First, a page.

The Super Eagles boss looks to have stepped down after three years in charge of the team and remains a divisive figure following his achievements since 2011As his flock scattered like sheep without a shepherd on Tuesday, each catching flights to different parts of the world following their second round exit to France, Stephen Keshi chose to reflect.
Reclined on a lounge chair close to the still lake that borders the Brasilia Palace Hotel, he had one last thing on his mind - how to return home with the remaining crop of players in his care.
"I brought them here, so I have to take them back to Nigeria," Keshi told Goal. "I just hope whoever comes in will give them the opportunity to showcase their talents."
Afterwards, he would take a deserved break with his family in the United States and then seek newer pastures with his long-serving assistant: Togolese trainer Valere Houandinou.
It has been a long summer for the 52-year-old, who took his side to the round of 16 at the World Cup in Brazil. It was the first time an indigenous coach had reached such heights with the team - their third visit overall to the knockout stage of football's greatest showpiece.
Keshi, a name synonymous with the Super Eagles, has overseen many highs and lows.
After serving in the set-up as a player and captain for 14 years, he was brought back in 2011 to help shore up a fledgling side that failed to qualify for the 2012 Africa Cup of Nations.
Leading by inspiration - his time as a player saw the team win their second African title and qualify for their first World Cup 20 years ago Keshi took up the job without the perks of office that his predecessor enjoyed.
He worked without a permanent home in Nigeria, living out of hotels for more than two years in charge while spending breaks with his family in America.
Keshi has even had to pay Houandinou from his own pocket in order to make his job of leading the national team to success easier.
One year into taking over the Super Eagles, he led them to win the Afcon title in South Africa with a host of new players bursting onto the scene after he did away with the bulk of the squad that failed to qualify for the tournament the year before.
For the first time in memory, Nigeria then qualified for the World Cup on their terms. Gone were the days of waiting for the result of other matches to go in their favour. This time, they topped their group and defeated Ethiopia over two legs in the Caf play-offs to reach Brazil.
Back home, however, opinion is divided over the success of the former Togo and Mali coach. Some say he is deserving of his success, others that he has been lucky - and that that luck can only take him so far.
Keshi splits opinions generally. He is described as stubborn by the federation, while some members of the Nigerian media claim that he is arrogant, someone who doesn’t take their advice.
This World Cup has revealed another aspect of his character. An Iranian journalist told this writer that he has a great sense of humour. Even a Western reporter bellowed "I love this man" after one of his early press briefings in Curitiba.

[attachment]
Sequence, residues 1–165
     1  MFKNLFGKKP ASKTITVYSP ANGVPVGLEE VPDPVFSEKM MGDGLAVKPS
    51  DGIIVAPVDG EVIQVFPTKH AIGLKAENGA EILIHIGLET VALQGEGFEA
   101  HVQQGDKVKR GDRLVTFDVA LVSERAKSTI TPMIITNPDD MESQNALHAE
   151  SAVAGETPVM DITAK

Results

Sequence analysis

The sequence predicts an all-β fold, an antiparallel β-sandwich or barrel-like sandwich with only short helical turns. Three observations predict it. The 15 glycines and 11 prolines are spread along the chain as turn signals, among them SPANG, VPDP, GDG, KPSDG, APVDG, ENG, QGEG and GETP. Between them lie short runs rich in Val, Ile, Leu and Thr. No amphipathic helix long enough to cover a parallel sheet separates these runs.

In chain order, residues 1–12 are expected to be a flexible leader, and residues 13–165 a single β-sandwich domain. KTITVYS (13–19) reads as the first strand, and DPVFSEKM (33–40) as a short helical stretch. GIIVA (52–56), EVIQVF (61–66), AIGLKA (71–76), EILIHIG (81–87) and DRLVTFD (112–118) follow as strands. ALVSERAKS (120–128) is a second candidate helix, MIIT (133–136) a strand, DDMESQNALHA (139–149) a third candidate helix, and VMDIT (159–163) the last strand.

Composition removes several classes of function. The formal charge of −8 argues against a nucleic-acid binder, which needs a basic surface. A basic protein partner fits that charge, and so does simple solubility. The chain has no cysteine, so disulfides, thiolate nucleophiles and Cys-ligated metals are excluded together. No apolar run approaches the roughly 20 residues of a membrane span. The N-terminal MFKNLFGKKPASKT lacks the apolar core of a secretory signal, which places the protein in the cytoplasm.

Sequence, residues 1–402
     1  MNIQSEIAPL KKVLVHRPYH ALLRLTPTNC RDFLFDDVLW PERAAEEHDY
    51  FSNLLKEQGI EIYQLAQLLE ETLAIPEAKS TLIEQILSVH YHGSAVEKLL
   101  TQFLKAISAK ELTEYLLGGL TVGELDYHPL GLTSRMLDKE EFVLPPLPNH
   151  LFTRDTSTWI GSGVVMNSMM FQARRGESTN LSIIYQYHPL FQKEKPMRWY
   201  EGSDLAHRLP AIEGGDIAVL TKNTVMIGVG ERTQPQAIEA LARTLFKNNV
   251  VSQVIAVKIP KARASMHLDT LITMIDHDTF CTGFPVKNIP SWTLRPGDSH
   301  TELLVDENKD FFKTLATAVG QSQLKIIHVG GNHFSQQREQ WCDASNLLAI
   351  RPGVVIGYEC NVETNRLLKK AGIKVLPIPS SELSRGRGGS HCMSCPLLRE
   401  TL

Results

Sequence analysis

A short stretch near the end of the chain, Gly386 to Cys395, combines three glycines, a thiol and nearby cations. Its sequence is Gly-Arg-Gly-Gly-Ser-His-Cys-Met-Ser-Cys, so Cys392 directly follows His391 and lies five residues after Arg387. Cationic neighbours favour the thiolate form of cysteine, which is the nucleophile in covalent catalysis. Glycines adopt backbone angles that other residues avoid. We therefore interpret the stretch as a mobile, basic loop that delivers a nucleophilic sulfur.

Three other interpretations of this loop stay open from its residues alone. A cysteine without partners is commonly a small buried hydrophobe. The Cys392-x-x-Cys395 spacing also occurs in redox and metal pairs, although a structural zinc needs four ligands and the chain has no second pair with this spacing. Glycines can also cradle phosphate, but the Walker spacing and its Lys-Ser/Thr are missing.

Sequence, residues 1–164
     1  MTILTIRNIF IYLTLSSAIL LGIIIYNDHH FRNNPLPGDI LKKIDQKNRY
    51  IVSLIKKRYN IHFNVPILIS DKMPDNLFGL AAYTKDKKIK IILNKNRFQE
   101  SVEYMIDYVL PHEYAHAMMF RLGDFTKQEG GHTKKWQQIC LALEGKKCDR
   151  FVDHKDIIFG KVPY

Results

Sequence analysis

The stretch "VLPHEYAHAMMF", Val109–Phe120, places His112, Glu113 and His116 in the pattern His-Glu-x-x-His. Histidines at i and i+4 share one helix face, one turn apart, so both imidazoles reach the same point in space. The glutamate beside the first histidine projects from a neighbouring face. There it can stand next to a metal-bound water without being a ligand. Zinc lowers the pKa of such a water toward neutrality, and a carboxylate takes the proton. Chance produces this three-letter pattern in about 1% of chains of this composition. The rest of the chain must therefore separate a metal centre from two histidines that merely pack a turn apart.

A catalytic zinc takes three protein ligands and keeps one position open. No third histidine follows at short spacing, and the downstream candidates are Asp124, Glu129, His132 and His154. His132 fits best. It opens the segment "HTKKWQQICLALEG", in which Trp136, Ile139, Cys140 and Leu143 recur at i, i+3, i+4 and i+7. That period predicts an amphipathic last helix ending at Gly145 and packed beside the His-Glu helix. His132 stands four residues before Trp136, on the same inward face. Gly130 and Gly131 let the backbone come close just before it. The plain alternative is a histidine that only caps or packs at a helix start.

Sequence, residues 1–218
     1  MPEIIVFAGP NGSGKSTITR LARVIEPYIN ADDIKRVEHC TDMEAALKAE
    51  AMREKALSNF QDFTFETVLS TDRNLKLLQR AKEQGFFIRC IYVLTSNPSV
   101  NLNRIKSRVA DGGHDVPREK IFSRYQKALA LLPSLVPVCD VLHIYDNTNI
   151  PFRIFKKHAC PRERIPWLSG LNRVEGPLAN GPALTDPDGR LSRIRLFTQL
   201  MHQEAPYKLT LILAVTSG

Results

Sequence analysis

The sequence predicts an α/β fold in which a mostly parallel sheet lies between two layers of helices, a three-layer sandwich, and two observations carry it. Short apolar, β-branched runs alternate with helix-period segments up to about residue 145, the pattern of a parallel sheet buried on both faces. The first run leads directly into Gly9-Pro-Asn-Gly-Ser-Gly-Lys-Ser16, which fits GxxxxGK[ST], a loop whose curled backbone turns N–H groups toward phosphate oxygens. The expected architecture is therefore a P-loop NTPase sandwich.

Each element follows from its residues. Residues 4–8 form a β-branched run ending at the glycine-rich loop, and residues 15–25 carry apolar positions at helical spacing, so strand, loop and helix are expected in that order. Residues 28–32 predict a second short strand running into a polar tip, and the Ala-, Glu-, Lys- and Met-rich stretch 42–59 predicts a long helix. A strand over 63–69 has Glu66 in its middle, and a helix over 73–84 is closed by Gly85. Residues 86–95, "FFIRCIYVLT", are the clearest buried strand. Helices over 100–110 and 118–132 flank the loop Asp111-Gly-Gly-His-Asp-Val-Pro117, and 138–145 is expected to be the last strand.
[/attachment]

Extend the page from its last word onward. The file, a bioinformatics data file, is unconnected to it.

The Nigeria team of 1994 were heroes: Rashidi Yekini, Peter Rufai, George Finidi and, of course, Keshi. He led that team under Clemens Westerhof to victory after three attempts at the Afcon.
They took the nation to its first World Cup in the United States and cemented their place in history and in the hearts of supporters.
But Keshi has always been known for his behind-the-scenes scheming. It was why they nicknamed him the Big Boss. He led player revolts, he was stubborn, he was rough, but he was loved.
He was among the first Nigerian players to play in Europe at a time when the local scene was very much respected and had keen rivalry. He left through Abidjan for Belgium and then on to France in an illustrious career that eventually ended in 1998 in Malaysia.
After him, many Nigerian players began to seek out greener pastures in Europe and they have not stopped since.
Since setting such examples as a player, Keshi has now left a bigger mark as a coach, following in the footsteps of his mentor Westerhof.
His critics say he should have brought Ikechukwu Uche, Sunday Mba and Nosa Igiebor to Brazil. But he says he brought Michael Babatunde out for the world see.
They say he is unable to read tactics correctly and won’t grow much more than this as a coach. Where were they, however, when Nigeria failed to make any meaningful impact with their array of European and local coaches since 1998?
With his decision to step down from the job on Monday for the second time in as many years, people will remember him in several different ways.
To some he was a troublemaker; to others, a trailblazer. Yet in a few years, most will only remember him as a legend.
For what it's worth, he has left his successor some oversized shoes to fill.